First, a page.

The EEOC’s decision is seen as controversial by some, as federal courts have historically found that sexual orientation is not a protected class under Title VII (unlike “sex” or gender, which is protected). However, over the years, some courts have offered limited protection to LGBT employees under Title VII—primarily by holding that it is illegal to discriminate against employees for not living up to gender stereotypes. For example, a federal circuit court held that a gay male employee who was harassed by coworkers for being too “effeminate” could proceed with a Title VII claim of sex discrimination. In light of these decisions, and the Supreme Court’s recent decision to legalize same-sex marriage, the EEOC might be hopeful that courts will similarly step in to protect LGBT employees from employment discrimination.

Federal courts are not bound by the EEOC’s interpretation of Title VII and will decide the issue independently. However, until the issue is decided by the courts, employers should be aware that the EEOC is processing charges of sexual orientation discrimination filed by employees (and in rare cases, filing suit against employers on behalf of employees).

About half of the states—including California, Illinois, and New York—already have laws that prohibit private employers from discriminating based on sexual orientation. However, a ruling that sexual orientation is a protected class under Title VII would mean that private employers in all states will be prohibited from discriminating against LGBT employees.

How Much Would a Small Interest Rate Hike Affect Your Total Mortgage Costs?

Scissors_Cutting_MoneyThe world is watching and waiting to see whether the U.S. Federal Reserve will raise interest rates this month, or at least by the end of 2015.

A rise in the “federal funds rate” will translate pretty quickly into higher mortgage interest rates, affecting any prospective homebuyer who can’t simply pony up a few hundred thousand dollars in cash. (The fed isn’t the only driver of mortgage interest rates, but it’s a factor in the mix.)

Given that nearly a decade has passed since the fed raised this rate, most experts don’t believe it will do anything more than inch it up. This isn’t a time for shock strategies.

The prospect of a rise in the rate nevertheless raises a question for prospective homebuyers. How much would a small rise in mortgage interest rates affect the amount you ultimately pay for your mortgage (assuming you choose a fixed-rate loan)?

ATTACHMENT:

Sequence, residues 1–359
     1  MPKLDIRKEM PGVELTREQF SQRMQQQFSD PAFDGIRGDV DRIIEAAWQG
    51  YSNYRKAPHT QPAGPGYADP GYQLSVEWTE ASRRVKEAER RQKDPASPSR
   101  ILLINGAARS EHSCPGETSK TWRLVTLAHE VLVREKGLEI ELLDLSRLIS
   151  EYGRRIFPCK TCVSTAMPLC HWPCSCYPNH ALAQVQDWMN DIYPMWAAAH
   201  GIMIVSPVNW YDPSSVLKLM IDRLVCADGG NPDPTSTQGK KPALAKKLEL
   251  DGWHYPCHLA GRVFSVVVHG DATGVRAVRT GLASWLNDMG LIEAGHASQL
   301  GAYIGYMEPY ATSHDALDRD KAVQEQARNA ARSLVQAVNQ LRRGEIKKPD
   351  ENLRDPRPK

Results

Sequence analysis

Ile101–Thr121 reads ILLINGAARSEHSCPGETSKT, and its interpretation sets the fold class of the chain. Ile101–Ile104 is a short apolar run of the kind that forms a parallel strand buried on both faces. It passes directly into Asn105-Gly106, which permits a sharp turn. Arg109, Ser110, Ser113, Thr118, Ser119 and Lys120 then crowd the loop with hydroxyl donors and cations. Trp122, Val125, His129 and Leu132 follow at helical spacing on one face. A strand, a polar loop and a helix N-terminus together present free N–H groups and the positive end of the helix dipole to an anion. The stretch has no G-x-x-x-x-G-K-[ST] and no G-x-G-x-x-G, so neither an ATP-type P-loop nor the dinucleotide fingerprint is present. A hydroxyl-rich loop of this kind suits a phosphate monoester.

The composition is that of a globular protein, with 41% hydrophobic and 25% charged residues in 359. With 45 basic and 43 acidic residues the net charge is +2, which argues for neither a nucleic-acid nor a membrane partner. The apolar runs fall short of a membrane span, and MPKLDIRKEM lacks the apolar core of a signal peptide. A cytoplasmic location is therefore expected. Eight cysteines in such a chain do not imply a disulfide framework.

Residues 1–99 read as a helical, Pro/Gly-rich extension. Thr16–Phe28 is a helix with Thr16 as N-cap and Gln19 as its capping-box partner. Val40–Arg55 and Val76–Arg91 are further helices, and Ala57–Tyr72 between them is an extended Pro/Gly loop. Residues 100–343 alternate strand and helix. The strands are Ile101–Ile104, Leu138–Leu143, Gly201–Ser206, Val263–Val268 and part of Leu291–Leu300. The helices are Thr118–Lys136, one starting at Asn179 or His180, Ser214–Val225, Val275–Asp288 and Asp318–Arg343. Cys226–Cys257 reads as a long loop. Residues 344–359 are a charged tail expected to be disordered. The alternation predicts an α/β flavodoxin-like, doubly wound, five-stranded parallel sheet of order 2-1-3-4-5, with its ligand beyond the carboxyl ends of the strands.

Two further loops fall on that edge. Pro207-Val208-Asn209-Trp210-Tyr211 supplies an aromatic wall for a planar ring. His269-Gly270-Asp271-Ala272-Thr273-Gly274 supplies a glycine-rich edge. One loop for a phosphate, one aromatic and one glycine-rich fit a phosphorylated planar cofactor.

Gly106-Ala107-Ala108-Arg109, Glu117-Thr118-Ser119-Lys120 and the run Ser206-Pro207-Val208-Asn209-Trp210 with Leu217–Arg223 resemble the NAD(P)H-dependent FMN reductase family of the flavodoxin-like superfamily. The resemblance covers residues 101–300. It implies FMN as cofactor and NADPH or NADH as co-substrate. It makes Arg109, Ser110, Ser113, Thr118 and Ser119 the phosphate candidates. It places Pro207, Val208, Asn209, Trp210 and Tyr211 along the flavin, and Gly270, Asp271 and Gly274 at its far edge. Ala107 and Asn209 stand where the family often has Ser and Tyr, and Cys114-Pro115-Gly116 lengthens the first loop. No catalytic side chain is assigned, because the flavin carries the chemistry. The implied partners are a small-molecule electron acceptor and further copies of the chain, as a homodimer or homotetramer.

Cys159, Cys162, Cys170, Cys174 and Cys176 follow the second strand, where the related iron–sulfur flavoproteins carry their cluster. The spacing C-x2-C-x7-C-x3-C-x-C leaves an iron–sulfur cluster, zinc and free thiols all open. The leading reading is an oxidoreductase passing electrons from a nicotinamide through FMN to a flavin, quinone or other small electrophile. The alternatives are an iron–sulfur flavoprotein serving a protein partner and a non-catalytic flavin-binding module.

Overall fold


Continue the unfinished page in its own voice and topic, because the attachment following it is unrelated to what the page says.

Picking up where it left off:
The answer can be found by having some fun with Nolo’s “How much will my fixed rate mortgage payment be?” calculator.

Let’s assume you’re buying a $500,000 home, putting 20% down ($100,000, ouch) and will therefore be taking out a $400,000 mortgage. The reported 30-year rate on today is 3.96%.

According to Nolo’s calculator, your monthly payment on this loan would be $1,900, and the total interest you’d pay over the life of the loan would be $284,161.

Now let’s assume interest rates go up a notch, to 4%. That would take your monthly payments to $1,910 and your total interest paid by the end of the loan term to $287,478 — $3,317 more than you would have owed in our first example. Not awful, over 30 years.

Let’s keep going, and take those interest rates up to 4.5%. (Could happen!) That would boost your monthly payments to $2,027 and your total interest paid by the end of the loan term to $329,627. Things are starting to look more serious.

What about 5% mortgage rates? They’re still within the realm of where experts predict rates might go in the coming months or year. A mortgage at 5% on your $400,000 loan would come with monthly payments of $2,147 and bring your total interest paid to $373,021.

Them’s real dollars. With a seemingly small rise interest rate on the day you close on your home, from just below 4% to 5%, you’d be looking at owing $88,860 more in total interest by the time you’d paid that loan off.

Of course, if housing prices were to go down as a result of the rate hike, that would offset part of the problem – but no one seems to think they will.

Now might be a good time to get serious about buying a home. A trusted mortgage broker can also help you think strategically about how to finance your purchase.